The New York Public Theater's Central Park production has created a storm of controversy. Their Caesar is "dressed in a business suit, with a royal blue tie, hanging a couple inches below the belt line, with reddish-blonde hair," audience member Laura Shaeffer told a local radio station earlier this month.
Caesar's wife, Calpurnia, has been given a "Slavic accent" and a resemblance to Melania Trump. An American flag hangs over the Senate assassination scene in the play. "They had the full murder scene onstage, and blood was spewing everywhere out of his body," Shaeffer told AM 970 THE ANSWER, Raw Story reports. "It was the on-stage murder of the president of the United States."
And Trump supporters are outraged. Unfortunately, they're not always sure with whom.
— Reeny On The Sceney (@ReenyNY) June 17, 2017
"Your play depicting the murder of our President is nothing but pure hatred," one response to the play reads.
"[H]ope you all who did this play about Trump are the first do [sic] die when ISIS COMES TO YOU [expletive] sumbags [sic]," another, more excitable critic wrote.
Both messages were sent to the Lenox, Massachusetts, Shakespeare & Company — which has nothing whatsoever to do with the New York City play.
The Boston Globe reports that the Lenox Shakespeare performers have gotten some 40 hateful messages like those. Shakespeare Dallas (yeah, in Texas) has gotten closer to 80, its Executive Director Raphael Parry told the paper, including rape threats, death threats, and expressions of desire that the theater's staff be killed by terrorists. Theater companies in Washington, DC, have also gotten angry or threatening messages, phone calls and tweets, as have other New York companies.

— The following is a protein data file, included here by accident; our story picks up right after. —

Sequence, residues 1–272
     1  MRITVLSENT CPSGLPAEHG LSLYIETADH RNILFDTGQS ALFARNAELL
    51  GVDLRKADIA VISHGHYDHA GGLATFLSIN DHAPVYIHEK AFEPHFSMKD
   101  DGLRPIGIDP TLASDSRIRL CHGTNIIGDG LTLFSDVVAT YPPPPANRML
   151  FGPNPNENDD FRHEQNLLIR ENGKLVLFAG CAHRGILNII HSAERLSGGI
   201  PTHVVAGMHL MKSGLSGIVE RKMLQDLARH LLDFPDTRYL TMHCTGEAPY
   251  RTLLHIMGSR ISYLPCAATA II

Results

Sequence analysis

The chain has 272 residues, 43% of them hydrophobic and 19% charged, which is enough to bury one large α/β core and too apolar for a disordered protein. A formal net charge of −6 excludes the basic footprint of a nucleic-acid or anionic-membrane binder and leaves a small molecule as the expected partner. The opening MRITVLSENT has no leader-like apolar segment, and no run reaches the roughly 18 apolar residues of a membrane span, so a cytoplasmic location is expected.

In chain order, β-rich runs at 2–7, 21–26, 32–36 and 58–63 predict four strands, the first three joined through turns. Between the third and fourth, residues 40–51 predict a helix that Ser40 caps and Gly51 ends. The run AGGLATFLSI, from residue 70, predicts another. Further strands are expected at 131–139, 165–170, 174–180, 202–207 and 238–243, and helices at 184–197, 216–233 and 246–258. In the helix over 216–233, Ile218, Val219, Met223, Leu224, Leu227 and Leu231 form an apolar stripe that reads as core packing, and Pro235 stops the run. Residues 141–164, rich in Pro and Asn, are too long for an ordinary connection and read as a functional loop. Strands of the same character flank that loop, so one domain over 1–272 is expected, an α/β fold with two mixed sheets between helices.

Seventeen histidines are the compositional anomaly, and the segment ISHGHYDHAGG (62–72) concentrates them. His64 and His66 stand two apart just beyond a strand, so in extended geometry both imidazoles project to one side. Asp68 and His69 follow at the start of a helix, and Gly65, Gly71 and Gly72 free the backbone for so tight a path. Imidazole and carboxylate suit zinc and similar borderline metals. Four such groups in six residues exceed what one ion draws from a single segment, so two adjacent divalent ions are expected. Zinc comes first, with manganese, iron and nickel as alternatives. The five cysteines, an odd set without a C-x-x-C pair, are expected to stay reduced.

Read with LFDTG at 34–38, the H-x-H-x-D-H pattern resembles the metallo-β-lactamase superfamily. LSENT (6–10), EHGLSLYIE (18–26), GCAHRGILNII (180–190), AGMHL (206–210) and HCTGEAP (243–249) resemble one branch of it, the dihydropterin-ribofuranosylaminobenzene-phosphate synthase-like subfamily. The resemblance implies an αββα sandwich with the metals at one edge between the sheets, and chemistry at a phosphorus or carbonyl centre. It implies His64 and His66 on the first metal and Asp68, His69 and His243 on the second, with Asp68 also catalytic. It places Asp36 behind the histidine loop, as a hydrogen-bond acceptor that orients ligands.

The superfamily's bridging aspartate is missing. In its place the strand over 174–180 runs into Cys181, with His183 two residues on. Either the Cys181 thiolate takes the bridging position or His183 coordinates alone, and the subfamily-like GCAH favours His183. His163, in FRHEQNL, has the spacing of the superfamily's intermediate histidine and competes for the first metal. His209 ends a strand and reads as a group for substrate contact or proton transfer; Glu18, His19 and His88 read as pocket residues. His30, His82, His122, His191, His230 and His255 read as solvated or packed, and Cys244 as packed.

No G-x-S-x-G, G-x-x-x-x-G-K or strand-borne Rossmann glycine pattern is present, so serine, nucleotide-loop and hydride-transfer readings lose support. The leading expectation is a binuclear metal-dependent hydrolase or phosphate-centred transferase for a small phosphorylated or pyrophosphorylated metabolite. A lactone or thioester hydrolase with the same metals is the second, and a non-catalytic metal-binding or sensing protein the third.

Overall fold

"Your (sic) a disgrace. You should be ashamed — that is the President. I hope you die and so do you (sic) family," some indignant news consumer wrote to the Texas company, a local CBS station reports.
"We should send all you freaks to ISIS. They would eliminate your stench on this earth with real knives. Just think they hate somebody who doesn't know what bathroom to use," another wrote.
The writer noted that he could "smell your stench all the way to Texas." And here, perhaps, is the problem: poor internet research skills (not to mention poor emotional control). If you're fuming in Texas, for example, and Google "Shakespeare in the park," you'll be shown results for productions of Shakespeare in your local parks, not Central Park.
Those productions are also not "Julius Caesar." In Dallas, instead, you could go see "The Merry Wives of Windsor." In Lenox, "Cymbeline." But the angry #MAGA hordes are apparently too fired up to notice.
Parry sent that email and all the rest to the FBI. He's not taking any chances.
"We just got slammed," he said. "It's pretty amazing the vitriol, the wishing we would die and our family would die. A whole lot of them say that we should burn in hell."
It has been pointed out by a variety of news outlets that "Julius Caesar" is an inherently political play, and is often staged to reflect current administrations. A 2015 performance in Rhode Island had a female Caesar who was murdered in a striking white pantsuit. A 2012 staging in Washington, DC, featured an actor who bore a strong resemblance to former US President Barack Obama.
— Robert Welch Jr. (@RobDubJ) June 11, 2017
Nevertheless, the outcry over this production has led Delta Air Lines and Bank of America to withdraw funding from the production.
— Sam Platizky (@Samplat) June 17, 2017